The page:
Bangkok is one of Asia’s most exciting capital cities, and there’s plenty to keep visitors entertained while in port. Bangkok Cruise Port (Laem Chabang) is a popular start or end destination for cruises to China, Singapore, and Southeast Asia, welcoming cruise liners from Viking, Windstar, and Silversea, among others.
With so much to see and do in Bangkok, most cruise visitors opt for a shore excursion to make the most of their time. Tours typically focus on the highlights, including the Grand Palace, home to the Temple of the Emerald Buddha; temples, such as the Temple of the Reclining Buddha and the Temple of the Golden Buddha; or the gigantic Chatuchak Market, a great place to purchase souvenirs, handicrafts, clothes, and street food. Some tours also include lunch at a local restaurant or a scenic cruise around Bangkok’s canals.
Another popular choice for a shore excursion is a visit to the coastal town of Pattaya. The beach resort is just a 30-minute drive from Bangkok Cruise Port (Laem Chabang).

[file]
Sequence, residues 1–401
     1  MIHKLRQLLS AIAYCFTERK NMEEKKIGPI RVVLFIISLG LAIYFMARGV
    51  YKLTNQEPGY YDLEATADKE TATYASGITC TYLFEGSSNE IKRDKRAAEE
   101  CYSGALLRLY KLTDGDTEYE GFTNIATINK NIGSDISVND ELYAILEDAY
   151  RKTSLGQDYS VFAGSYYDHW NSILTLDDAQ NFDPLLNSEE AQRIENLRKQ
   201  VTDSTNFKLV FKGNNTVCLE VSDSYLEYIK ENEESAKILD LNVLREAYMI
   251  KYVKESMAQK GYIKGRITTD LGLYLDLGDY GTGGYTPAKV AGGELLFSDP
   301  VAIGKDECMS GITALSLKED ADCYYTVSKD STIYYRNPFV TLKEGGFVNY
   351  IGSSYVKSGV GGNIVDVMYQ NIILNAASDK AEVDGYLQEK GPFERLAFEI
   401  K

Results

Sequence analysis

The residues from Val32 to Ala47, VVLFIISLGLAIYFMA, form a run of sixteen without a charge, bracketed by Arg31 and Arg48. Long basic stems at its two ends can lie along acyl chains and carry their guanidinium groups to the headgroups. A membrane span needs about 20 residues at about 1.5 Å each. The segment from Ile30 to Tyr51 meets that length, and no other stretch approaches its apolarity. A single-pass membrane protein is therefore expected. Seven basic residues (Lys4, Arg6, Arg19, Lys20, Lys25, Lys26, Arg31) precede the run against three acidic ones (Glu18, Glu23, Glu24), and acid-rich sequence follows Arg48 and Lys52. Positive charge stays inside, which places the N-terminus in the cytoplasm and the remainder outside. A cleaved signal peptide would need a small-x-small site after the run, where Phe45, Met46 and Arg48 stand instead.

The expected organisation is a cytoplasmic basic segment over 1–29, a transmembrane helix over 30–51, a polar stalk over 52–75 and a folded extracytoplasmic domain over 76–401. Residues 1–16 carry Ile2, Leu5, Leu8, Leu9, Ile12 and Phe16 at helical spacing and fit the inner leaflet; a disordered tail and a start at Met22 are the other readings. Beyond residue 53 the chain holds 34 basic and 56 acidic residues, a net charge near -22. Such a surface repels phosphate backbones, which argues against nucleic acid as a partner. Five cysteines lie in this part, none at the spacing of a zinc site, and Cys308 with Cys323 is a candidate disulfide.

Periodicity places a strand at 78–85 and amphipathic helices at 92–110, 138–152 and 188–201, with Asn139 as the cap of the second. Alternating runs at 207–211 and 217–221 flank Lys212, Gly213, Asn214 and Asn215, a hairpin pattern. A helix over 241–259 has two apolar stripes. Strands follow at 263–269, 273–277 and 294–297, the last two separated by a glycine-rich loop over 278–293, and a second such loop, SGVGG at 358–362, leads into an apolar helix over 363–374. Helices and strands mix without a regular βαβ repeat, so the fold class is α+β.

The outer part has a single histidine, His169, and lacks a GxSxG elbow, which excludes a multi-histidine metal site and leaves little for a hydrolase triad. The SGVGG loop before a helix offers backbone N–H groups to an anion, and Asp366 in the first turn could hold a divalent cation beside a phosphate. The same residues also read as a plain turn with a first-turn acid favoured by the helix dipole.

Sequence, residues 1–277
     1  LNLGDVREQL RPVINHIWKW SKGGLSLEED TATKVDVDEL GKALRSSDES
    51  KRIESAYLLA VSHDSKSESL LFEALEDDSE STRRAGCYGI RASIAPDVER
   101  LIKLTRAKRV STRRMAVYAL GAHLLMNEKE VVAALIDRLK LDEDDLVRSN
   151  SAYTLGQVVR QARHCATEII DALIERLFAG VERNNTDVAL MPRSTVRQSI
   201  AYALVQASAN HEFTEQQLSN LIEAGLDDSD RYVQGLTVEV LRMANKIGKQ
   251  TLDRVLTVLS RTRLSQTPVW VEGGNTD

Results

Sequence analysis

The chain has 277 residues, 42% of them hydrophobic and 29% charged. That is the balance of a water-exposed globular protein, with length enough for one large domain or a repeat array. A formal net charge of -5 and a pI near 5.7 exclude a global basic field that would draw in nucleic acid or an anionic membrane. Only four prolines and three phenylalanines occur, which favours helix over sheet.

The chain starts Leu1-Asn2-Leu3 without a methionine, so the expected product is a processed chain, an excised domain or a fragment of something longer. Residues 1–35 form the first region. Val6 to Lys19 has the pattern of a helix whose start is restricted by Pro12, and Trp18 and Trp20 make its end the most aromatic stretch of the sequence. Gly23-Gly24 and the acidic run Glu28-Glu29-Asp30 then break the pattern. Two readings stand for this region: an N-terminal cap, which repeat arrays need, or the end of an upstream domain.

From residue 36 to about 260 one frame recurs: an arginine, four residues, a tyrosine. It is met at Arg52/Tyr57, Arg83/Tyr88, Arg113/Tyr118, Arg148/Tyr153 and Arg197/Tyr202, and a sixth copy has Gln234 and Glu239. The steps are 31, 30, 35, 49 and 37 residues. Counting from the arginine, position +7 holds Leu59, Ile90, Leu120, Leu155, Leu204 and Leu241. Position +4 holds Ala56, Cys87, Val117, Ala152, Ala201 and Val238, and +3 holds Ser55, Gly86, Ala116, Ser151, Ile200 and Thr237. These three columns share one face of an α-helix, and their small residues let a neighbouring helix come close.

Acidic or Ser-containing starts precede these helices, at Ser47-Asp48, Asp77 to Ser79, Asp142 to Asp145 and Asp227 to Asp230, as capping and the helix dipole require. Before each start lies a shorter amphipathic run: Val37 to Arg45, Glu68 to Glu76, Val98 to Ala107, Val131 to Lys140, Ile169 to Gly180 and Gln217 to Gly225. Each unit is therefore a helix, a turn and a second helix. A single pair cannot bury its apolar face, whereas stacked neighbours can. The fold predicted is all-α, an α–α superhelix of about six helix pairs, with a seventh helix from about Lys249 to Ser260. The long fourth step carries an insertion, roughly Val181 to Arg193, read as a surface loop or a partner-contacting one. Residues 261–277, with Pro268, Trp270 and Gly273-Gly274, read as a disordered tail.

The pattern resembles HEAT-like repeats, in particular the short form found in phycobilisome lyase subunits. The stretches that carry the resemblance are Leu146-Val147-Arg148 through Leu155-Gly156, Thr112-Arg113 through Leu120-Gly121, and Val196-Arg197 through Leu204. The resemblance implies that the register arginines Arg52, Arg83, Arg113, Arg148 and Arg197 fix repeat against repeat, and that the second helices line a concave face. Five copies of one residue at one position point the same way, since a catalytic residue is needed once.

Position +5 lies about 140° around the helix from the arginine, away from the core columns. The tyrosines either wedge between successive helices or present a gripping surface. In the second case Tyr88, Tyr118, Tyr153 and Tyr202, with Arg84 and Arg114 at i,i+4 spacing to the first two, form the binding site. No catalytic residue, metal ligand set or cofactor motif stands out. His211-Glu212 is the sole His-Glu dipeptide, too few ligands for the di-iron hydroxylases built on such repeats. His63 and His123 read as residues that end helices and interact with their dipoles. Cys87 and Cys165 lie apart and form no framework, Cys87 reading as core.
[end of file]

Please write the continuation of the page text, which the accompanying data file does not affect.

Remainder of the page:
Things to Know Before You Go
- Shore excursions typically include port pickup and drop-off.
- Laem Chabang port has food kiosks, gift shops, a massage spa, and a visitor information center.
- With transfer times taking around two hours, full-day shore excursions can last up to 12 hours.
How to Get to Bangkok from the Port of Laem Chabang and Klong Toey
Most cruise ships dock at Bangkok Cruise Port (Laem Chabang), about two hours south of Bangkok. Public transport options from Laem Chabang are limited, so it’s best to prearrange a private transfer or take a taxi. Smaller ships may dock at Klong Toey, located on the Chao Phraya River on the outskirts of the city. For ships docking at Klong Toey, free shuttles often bring passengers into Bangkok—an around 45-minute journey.
The official language is Thai, but English is widely spoken in tourist areas. The local currency is the baht. Some shops may accept euros and US dollars, but be sure to check the exchange rate before agreeing on a price. ATMs are widely available and credit cards are generally accepted, although it’s best to carry some cash in smaller denominations, especially for taxis, tuk-tuks, and markets.